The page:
Going to NexThink world (Documentation here) you can use the NxQL Editor to confirm your logic for the API (if you are using Web API V2 which is kind of recommended). You can usually access that from the portal (newest version) or directly from the engine you want to query like so:

 https://nxtengine.mydomain.local:1671/2/editor/nxql_editor.html

I will post a breakdown of the tables and their fields on a later post but for the time being here is the rule based on the above IOCs with some added tuning on the side too.

(select ((binary (first_seen last_seen executable_name paths hash threat_level)))
   (from binary
       (where binary (eq executable_name (pattern "*AMDDriver64*")))
       (where binary (eq executable_name (pattern "*Silence*")))
       (where binary (eq executable_name (pattern "*Carbon*")))
       (where binary (eq executable_name (pattern "*xmrig32*")))
       (where binary (eq executable_name (pattern "*nscpucnminer64*")))
       (where binary (eq executable_name (pattern "*mrservicehost*")))
       (where binary (eq executable_name (pattern "*servisce*")))
       (where binary (eq executable_name (pattern "*svchosts3*")))
       (where binary (eq executable_name (pattern "*svhosts*")))
       (where binary (eq executable_name (pattern "*system64*")))
       (where binary (eq executable_name (pattern "*systemiissec*")))
       (where binary (eq executable_name (pattern "*winlogo*"))
            (ne paths (path "%System%/winlogon.exe")))
       (where binary (eq executable_name (pattern "*taskhost*"))
            (ne paths (path "%System%/taskhost.exe"))
            (ne paths (path "%System%/backgroundtaskhost.exe"))
            (ne paths (path "%System%/taskhostw.exe")))
       (where binary (eq executable_name (pattern "*vrmserver*")))
       (where binary (eq executable_name (pattern "*vshell*")))
       (where binary (eq executable_name (pattern "*winlogan*")))
       (where binary (eq executable_name (pattern "*logon*"))
            (ne paths (path "%System%/logonui.exe"))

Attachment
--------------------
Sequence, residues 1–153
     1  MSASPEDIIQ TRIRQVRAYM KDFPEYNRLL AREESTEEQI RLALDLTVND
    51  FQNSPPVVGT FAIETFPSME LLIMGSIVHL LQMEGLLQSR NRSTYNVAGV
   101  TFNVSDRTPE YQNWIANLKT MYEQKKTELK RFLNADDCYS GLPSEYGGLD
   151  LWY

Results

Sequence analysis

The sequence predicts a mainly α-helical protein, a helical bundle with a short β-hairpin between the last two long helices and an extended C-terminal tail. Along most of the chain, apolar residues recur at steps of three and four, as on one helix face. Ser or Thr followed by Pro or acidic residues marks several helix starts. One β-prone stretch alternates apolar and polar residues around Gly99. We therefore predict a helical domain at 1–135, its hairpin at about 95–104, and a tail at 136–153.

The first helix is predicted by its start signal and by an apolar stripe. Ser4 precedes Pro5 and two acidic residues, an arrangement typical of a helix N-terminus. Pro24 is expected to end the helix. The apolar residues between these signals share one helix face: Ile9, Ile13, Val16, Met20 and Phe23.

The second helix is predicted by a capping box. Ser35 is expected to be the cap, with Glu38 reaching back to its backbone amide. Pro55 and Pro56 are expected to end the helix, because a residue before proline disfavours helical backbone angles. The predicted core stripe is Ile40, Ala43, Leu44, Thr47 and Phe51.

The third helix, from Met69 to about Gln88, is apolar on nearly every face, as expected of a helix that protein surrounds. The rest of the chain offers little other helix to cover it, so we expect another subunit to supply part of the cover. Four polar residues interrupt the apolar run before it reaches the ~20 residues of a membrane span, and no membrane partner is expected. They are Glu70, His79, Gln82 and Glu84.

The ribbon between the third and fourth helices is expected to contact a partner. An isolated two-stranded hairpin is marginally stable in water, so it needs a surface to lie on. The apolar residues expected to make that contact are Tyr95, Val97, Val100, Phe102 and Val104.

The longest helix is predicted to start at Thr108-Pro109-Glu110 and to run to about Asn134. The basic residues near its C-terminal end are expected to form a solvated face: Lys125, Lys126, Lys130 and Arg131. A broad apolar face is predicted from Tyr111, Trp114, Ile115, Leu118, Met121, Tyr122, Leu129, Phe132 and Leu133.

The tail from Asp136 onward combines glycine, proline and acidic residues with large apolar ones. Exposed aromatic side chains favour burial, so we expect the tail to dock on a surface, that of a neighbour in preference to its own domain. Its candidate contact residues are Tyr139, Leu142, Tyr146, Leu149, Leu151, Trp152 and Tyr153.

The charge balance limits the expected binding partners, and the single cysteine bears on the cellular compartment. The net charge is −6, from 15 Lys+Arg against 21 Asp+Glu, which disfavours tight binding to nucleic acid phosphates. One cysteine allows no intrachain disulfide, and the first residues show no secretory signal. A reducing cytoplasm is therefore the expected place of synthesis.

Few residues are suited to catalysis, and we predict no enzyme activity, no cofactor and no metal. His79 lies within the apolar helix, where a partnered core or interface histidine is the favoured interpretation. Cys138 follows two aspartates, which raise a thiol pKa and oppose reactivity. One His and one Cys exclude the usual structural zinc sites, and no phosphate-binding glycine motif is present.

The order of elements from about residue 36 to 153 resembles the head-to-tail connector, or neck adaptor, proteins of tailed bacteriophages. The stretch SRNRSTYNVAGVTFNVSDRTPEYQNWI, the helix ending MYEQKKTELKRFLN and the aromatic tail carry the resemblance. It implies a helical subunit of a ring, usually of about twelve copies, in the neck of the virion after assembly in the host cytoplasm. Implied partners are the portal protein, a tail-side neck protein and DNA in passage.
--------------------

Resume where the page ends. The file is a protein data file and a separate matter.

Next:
(ne paths (path "%System%/winlogon.exe")))
       (where binary (eq executable_name (pattern "*win1nit*")))
       (where binary (eq executable_name (pattern "*wininits*")))
       (where binary (eq executable_name (pattern "*winlnlts*")))
       (where binary (eq executable_name (pattern "*taskngr*")))
       (where binary (eq executable_name (pattern "*tasksvr*")))
       (where binary (eq executable_name (pattern "*mscl*")))
       (where binary (eq executable_name (pattern "*cpuminer*")))
       (where binary (eq executable_name (pattern "*sql31*")))
       (where binary (eq executable_name (pattern "*taskhots*")))
       (where binary (eq executable_name (pattern "*svchostx*")))
       (where binary (eq executable_name (pattern "*xmr86*")))
       (where binary (eq executable_name (pattern "*xmrig*")))
       (where binary (eq executable_name (pattern "*xmr*")))
       (where binary (eq executable_name (pattern "*win1ogin*")))
       (where binary (eq executable_name (pattern "*win1ogins*")))
       (where binary (eq executable_name (pattern "*ccsvchst*")))
       (where binary (eq executable_name (pattern "*nscpucnminer64*")))
       (where binary (eq executable_name (pattern "*update_windows*")))
       )
       (limit 1000))
This provides very few false positives in my environment so I would recommend giving it a try but also tune accordingly. 

To make that into your command line URL you need to take that request, put it in the CyberChef, URL Encode it and then run it like so:

curl -u myusername -k "https://nxtengine.mydomain.local:1671/2/query?query=<add_your_output_here>&platform=windows&format=json"

JSON is easier for Splunk to digest so thats why I have chosen it, its up to you if you want to choose csv. The result should look something like this:




That's all for now. I wish you all get 0 results.